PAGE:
This song from the 1986 movie Labyrinth, in which Bowie co-starred, gets lost in the post-Let's Dance period of commercial duds and creative misfires. But the video -- which Bowie himself was not too pleased with -- is an enjoyable trip down memory lane, as Ziggy Stardust, Aladdin Sane and several other personas from his long career make appearances.
Bowie recorded this video in his Manhattan apartment and got it online almost immediately. It features puppets (modeled after Bowie), menacing shadows and maybe the most disquieting imagery in his long career of music videos. There's also a 10-minute remix version of the video out there, but we prefer the original scaled-down one that more reflects Bowie's harrowed vision.
Bowie puts his movie and theater side gigs to good use in this final video from the Lodger album, playing an artist who goes mad while working on his art. Was it a reference to his struggles a few years earlier, when drugs and fame nearly sank him? Maybe. Either way, it's a pioneering moment in the history of music videos: a narrative played out over a semi-related song.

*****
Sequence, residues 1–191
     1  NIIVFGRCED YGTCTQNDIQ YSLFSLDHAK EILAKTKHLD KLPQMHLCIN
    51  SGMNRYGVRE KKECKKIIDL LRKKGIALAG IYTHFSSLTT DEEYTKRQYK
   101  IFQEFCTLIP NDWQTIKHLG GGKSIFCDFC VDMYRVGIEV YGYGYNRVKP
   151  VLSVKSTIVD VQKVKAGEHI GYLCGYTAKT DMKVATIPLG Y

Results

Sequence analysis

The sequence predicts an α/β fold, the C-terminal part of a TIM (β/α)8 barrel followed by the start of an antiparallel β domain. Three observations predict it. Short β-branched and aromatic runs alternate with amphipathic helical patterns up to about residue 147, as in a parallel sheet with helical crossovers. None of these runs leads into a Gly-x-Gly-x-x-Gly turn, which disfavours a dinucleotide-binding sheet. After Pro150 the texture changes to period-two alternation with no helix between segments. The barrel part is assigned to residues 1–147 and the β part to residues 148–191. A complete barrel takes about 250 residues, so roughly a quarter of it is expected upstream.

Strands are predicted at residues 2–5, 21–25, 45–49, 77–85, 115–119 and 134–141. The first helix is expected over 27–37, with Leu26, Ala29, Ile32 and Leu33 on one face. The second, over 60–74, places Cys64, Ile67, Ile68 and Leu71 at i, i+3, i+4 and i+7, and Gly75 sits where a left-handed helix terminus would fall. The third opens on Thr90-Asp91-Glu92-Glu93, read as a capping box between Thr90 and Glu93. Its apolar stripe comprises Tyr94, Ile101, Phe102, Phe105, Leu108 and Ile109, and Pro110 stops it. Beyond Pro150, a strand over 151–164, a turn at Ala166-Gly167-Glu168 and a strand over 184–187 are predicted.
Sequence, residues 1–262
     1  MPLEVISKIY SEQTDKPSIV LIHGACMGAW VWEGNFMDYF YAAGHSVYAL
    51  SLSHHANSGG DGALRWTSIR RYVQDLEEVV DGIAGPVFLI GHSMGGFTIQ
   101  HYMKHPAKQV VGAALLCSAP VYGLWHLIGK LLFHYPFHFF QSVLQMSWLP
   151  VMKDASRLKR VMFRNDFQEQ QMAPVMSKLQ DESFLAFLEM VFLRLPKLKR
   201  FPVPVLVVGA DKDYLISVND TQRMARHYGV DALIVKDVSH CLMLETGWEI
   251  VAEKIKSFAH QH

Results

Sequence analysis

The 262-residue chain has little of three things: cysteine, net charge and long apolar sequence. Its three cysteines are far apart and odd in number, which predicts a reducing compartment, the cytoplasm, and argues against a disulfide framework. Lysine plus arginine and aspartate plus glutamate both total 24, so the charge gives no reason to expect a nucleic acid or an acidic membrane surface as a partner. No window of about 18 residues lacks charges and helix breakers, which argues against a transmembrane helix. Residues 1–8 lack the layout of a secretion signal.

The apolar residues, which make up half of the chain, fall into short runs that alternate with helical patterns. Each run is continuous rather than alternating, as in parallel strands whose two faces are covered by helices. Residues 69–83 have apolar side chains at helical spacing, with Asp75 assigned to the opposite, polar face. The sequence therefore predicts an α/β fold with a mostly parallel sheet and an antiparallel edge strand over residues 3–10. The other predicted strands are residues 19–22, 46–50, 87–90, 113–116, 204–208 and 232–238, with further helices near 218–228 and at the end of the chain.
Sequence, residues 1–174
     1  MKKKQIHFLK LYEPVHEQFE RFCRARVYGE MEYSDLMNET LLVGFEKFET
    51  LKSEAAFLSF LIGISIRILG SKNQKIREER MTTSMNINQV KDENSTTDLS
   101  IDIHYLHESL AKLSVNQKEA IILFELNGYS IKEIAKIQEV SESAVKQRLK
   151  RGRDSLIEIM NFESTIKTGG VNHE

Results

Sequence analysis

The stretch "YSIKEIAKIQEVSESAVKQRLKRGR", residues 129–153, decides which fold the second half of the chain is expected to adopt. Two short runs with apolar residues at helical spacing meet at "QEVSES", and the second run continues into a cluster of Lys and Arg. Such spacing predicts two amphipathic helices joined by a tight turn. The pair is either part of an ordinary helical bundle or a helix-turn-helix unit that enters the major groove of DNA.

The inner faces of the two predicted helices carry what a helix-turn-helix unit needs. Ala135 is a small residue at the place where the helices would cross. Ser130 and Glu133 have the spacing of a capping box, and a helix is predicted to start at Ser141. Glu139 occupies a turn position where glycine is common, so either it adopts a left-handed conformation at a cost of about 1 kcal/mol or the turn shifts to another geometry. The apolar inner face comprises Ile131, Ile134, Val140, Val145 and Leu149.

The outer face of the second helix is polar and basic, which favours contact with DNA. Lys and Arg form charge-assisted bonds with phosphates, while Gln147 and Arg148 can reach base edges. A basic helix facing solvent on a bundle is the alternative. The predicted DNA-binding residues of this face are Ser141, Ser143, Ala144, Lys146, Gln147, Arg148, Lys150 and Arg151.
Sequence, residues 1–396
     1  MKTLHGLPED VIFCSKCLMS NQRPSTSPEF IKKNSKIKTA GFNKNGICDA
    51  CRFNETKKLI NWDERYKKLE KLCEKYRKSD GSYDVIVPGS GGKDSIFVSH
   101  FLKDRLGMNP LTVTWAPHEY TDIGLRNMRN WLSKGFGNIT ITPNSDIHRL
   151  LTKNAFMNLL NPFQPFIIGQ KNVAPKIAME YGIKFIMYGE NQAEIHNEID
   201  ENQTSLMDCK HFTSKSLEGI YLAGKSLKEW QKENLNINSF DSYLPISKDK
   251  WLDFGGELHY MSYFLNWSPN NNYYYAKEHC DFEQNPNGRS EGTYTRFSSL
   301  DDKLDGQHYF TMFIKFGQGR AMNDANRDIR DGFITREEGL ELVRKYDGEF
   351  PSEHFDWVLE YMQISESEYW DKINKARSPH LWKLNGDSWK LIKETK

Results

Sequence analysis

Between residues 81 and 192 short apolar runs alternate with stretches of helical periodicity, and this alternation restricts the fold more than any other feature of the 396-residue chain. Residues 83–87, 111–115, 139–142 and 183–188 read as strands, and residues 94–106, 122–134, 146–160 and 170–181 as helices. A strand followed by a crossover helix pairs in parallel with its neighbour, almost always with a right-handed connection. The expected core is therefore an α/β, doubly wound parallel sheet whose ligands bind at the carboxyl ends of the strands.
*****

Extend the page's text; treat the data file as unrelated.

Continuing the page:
There's nothing really special about "Let's Dance" -- Bowie's not even in it much. But the song, and album, was a career jump-starter. The video's heavy rotation during MTV's formative years helped put the channel on the map and gave Bowie his second No. 1 single. Plus, it helped sell his image as a dapper soul man. It's a commercial move from the artist, no doubt, but it's a pivotal moment in his career.
Like "Blackstar," the video that preceded it, "Lazarus" is stuffed with imagery and references that may never be fully comprehended. The clip came out shortly before the Blackstar album, which was released only two days before Bowie's death at age 69. Does the video offer clues to the cancer that killed him (and which nobody knew about)? Possibly. The layers of this arresting clip run deep.
Featuring Bowie as Ziggy Stardust, the clip for the 1972 single "The Jean Genie" mixes studio performance shots along with live footage of the Spiders From Mars. It's probably the most representative music video of Bowie from the period, with his shocking red hair and space-age wardrobe, which seems to have taken a detour somewhere in the late '50s.